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Saturday, November 24, 2012

Potential For Warmer Days Ahead Next Week, Beyond

A few consecutive model runs are showing the low level heating from Mexico to Extreme SW Texas will elevate to the 'mid levels' in the next 5 days and then translate ENE ward mid week next week
resulting in 'temperturally inverted' cold frontal passages. This image is for the 850mb height, or around 5000 feet AGL (above ground level)
Note the effect of a light west to near calm wind east of the intracoastal waterways at Patrick AFB.

This is likely the case up and down the east coast from Cape Canaveral to the Keys. Note it is cooler in West Kendall than at PAFB. This is not unusual.

PATRICK AFB CLEAR 55  (note effect east of the rivers)
HOMESTEAD      CLEAR     54    
PUNTA GORDA    CLEAR     49   
FT MYERS       CLEAR     51   SOUTHWEST INTL CLEAR     48   

TODAY-SUNDAY: Continued very pleasant with slightly below normal temperatures, light winds. A frontal passage will occur today during the mid-afternoon, possibly with some clouds, but all in all the effect will be to infiltrate cooler air into the Panhandle and eventually toward the West side of the state by Sunday morning, where it could be the coolest morning yet for those areas.  Again, the warmest zones should be along the immediate east coast from the Cape and southward, with little change from those of this morning's readings.
Car Wash Mural, Cocoa Beach, Florida

BEYOND: Meanwhile, per guidance trends, heights in the mid levels will, if all goes according to plan, will be rising in response to heating over Mexico and into extreme SW Texas (at the lower levels). As each consecutive frontal/trough progresses across the country's mid section this warm air will be pulled east ward.

The net effect is that although we could still see some rain or increased cloud coverage on Tuesday afternoon (rain so far most likely to occur over the South Half of the state from the Cape toward South Tampa Bay and South toward Lake 'Okeebee', the NW winds to follow will actually be warmer BEHIND the front than the will be with the west winds before the front passes Tuesday morning.  Another front is then expected to follow several days beyond Tuesday with the same effect. In that regard, 'temperaturally inverted' cold fronts, or rather, cold fronts acting almost as loosely phrased, 'warm fronts' by virtue that they will be harboring in warmer air from Mexico seems to be the trend.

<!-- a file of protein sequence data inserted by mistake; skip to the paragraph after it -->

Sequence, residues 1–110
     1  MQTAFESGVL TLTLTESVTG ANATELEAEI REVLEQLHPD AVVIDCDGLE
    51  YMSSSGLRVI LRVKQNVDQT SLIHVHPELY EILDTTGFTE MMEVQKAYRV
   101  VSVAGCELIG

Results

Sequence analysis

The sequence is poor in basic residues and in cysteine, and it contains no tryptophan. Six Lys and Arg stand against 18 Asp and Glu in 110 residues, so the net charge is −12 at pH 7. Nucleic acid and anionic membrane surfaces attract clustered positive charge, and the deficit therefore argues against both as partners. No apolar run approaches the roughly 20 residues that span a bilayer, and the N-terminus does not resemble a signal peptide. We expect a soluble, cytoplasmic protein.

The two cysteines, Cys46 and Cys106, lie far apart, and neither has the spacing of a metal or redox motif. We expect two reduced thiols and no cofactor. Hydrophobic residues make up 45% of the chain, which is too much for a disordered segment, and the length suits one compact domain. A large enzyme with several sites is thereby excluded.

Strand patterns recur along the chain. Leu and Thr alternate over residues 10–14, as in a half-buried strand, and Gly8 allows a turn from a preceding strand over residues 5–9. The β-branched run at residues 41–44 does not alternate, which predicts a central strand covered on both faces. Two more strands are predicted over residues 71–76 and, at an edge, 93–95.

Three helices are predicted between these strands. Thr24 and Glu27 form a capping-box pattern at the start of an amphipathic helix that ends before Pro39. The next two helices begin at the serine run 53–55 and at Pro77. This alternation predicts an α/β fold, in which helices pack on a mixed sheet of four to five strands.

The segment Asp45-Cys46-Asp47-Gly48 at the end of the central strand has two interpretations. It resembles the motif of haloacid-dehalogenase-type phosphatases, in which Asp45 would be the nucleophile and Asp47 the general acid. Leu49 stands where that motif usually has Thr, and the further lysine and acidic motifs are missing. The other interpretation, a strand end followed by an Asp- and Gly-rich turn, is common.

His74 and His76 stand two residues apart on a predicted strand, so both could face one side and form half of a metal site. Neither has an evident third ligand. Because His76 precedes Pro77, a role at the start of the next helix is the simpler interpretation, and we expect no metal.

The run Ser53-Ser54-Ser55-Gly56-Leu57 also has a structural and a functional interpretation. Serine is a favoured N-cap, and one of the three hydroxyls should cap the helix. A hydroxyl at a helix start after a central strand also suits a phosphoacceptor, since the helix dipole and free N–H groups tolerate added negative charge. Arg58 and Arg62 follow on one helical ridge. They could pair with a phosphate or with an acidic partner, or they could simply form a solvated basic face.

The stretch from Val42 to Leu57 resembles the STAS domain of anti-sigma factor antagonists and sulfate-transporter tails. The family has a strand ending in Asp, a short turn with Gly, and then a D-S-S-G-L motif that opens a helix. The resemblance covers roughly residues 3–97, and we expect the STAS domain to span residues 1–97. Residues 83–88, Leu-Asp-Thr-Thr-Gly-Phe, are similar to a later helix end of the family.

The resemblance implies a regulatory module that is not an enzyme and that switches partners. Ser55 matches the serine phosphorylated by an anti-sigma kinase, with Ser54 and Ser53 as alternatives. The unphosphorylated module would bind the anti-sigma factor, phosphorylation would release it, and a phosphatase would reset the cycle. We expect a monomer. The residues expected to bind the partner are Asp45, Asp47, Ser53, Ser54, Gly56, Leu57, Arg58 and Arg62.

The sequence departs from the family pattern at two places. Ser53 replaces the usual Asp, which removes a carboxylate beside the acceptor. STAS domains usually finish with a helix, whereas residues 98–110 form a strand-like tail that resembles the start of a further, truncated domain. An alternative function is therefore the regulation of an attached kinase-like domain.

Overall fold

In Summary, the coldest days after Sunday and Monday morning from a state wide perspective should be ending, with highs returning to normal to slightly above normal in a few locations being possible during the first week of December. No big frontal passages so far are foreseen will out to 12 days.

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Thursday, November 22, 2012

Happy Giving Thanks Day, Pleasantly Cool Continues

Although not exactly correct as of this typing, we can see how by in large the cooler temperatures are filtering toward the west side of the state toward SW Florida this morning. This is a very typical cool to cold weather pattern in drainage flow like scenarios. This will again repeat going into early next week
HAPPY THANKSGIVING: Cool today through Saturday with highs potentially in the lower 70Fs, but even so, those readings will be for only a relatively brief period with the predominant range in the mid to upper 60Fs with northerly winds, most breezy during thermal mixing hours of 1 - 4pm along open areas, especially near water ways. Otherwise, skies clear to scattered stratocumulus crumbs.

FRIDAY- SATURDAY: Very little change with over night lows warmest along A1A from the Cape and South toward the Keys.  A front is in the making to pass through on Saturday afternoon, and rain chances look best in association with that boundary across Central and South Central Florida, mainly south of I-4 and north of Lake Okeechobee. Warmer on Tuesday prior to frontal passage, but that will be it for many days to come before another front again approaches repeating the same cycle we are currently endowed with.

Ocean temperatures are cooling more and more, thanks possibly due to repeated low pressure systems forming well to the east of the state and drawing NNE flow on their west sides with counterclockwise circulations around them along the U.S. East coast southward...evoking the cooler waters to work as far south as Volusia County especially. This could put a crimp in our style for folks in North Brevard northward near the coast especially later into the winter and early spring in regard to afternoon high temperatures when north to northeast winds are present as waters take longer to warm in responding to ambient outside air temperatures.